To understand the entanglement of growing diversity and entrenched inequality requires a look backward to the last critical juncture in American history when notions of race and citizenship, diversity and tolerance shifted—the civil rights revolution.
Within a few years in the mid-1960s, America’s long-standing racial order, one that systematically privileged whites, saw its legislative and legal underpinnings crumble. In July 1964, President Lyndon Johnson signed landmark civil rights legislation, which prohibited discrimination on the basis of race, national origin, sex, religion, and age. That legislation was a first step. In 1965, Johnson signed the Voting Rights Act; in 1968, he and Congress drafted and enacted a law that forbade discrimination in the sale and rental of housing.
Johnson’s civil rights laws were not self-enforcing: their success depended on executive orders, federal regulations, and voluntary efforts to break down racial barriers, not to mention the efforts of civil rights groups and often-disruptive protestors to press for change. Nearly every element of the civil rights revolution met with fierce opposition and resistance, as judges, politicians, and policy makers attempted to weaken or roll back civil rights laws, and as ordinary citizens fought against what many called “forced” integration, whether it be efforts to open housing markets, desegregate public schools, or diversify work places and colleges. Still, Johnson’s law signaled a robust national commitment to the ideals of formal equality and contributed to unprecedented—if often halting—diversification of labor markets, institutions of higher education, and some neighborhoods and schools.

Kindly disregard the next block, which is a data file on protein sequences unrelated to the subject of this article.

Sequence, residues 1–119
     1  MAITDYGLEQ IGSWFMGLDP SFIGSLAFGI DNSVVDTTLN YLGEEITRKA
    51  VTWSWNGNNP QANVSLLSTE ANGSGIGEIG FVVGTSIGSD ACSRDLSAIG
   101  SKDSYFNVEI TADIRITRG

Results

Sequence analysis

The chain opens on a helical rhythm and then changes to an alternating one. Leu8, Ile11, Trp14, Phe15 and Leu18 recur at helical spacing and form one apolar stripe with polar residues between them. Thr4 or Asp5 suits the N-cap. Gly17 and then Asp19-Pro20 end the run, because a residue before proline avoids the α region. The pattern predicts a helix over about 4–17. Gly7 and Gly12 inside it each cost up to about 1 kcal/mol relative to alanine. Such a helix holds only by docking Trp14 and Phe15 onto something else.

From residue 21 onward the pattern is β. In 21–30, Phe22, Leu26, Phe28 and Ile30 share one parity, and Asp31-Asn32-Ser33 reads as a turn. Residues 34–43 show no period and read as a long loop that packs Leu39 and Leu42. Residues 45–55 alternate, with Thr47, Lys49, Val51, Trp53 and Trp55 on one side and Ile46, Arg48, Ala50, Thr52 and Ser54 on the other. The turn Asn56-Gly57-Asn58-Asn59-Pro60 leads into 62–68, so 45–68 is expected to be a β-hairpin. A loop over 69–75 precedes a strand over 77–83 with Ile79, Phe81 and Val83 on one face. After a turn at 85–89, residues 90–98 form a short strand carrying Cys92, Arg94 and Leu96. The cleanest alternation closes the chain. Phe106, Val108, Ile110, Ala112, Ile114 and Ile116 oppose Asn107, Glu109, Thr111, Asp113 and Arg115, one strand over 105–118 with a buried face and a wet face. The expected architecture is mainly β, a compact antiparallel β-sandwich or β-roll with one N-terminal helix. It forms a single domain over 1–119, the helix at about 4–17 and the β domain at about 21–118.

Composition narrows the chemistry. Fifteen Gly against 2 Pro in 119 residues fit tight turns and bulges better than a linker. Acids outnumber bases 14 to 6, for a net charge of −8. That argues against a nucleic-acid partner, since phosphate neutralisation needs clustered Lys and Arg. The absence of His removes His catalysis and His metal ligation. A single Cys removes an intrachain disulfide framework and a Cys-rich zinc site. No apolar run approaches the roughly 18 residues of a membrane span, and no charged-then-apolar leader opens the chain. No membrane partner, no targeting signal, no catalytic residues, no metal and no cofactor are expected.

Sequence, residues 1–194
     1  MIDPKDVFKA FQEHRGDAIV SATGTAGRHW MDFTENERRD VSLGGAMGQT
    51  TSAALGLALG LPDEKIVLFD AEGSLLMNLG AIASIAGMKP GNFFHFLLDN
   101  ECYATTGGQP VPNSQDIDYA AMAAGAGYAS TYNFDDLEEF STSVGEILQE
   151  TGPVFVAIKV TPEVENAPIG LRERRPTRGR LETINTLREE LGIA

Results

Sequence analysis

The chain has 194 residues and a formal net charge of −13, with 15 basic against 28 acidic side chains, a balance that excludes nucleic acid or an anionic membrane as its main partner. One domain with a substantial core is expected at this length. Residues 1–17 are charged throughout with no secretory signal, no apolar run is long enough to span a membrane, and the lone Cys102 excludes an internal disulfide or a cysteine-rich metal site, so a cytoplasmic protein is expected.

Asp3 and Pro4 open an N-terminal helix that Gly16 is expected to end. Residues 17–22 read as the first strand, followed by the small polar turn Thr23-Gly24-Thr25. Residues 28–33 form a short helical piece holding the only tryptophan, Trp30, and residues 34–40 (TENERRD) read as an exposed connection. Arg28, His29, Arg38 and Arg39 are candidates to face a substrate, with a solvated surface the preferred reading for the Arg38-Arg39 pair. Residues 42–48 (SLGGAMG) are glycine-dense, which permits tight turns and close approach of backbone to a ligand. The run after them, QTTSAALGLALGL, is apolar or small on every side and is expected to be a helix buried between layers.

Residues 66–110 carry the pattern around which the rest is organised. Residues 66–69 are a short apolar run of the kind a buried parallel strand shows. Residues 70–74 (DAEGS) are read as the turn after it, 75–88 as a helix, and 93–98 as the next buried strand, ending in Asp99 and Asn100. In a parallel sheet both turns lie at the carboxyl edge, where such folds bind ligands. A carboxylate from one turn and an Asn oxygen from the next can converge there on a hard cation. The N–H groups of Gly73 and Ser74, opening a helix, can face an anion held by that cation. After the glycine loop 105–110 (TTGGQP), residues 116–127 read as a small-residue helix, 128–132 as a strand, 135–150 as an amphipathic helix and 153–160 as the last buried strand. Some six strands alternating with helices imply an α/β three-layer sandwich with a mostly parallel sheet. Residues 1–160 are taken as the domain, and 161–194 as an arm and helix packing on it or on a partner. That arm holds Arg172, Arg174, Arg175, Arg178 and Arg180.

A half century ago, America’s color also began to change. In October 1965, at a ceremony at the base of the Statue of Liberty, Johnson signed the Hart-Cellar Act, which lifted immigration restrictions that favored newcomers from northern and western Europe. That year, close to nine in ten Americans were white. The percentage of foreign-born in the United States was at a near low. Unless you lived in California’s Central Valley or along the Rio Grande, or found yourself in a handful of neighborhoods like New York’s East Harlem, Miami’s Little Havana, or East Los Angeles, Hispanics were mostly invisible. The Asian-descended population was vanishingly small, clustered in a few Chinatowns, Little Manilas, and a handful of other enclaves, only a few outside of California.
“The land flourished,” stated Johnson, “because it was fed from so many sources—because it was nourished by so many cultures and traditions and peoples.” What Johnson had not anticipated was that the nation would be nourished by new cultures and traditions, fewer with European origins. Fifty years after Johnson took office, there were more than 41 million foreign-born people living in the United States, most of them from Latin America, the Caribbean, Africa, and Asia.
This post was excerpted and adapted from Thomas Sugrue’s essay “Less Separate, Still Unequal: Diversity and Equality in ‘Post-Civil Rights’ America” in Our Compelling Interests (Princeton University Press, 2016).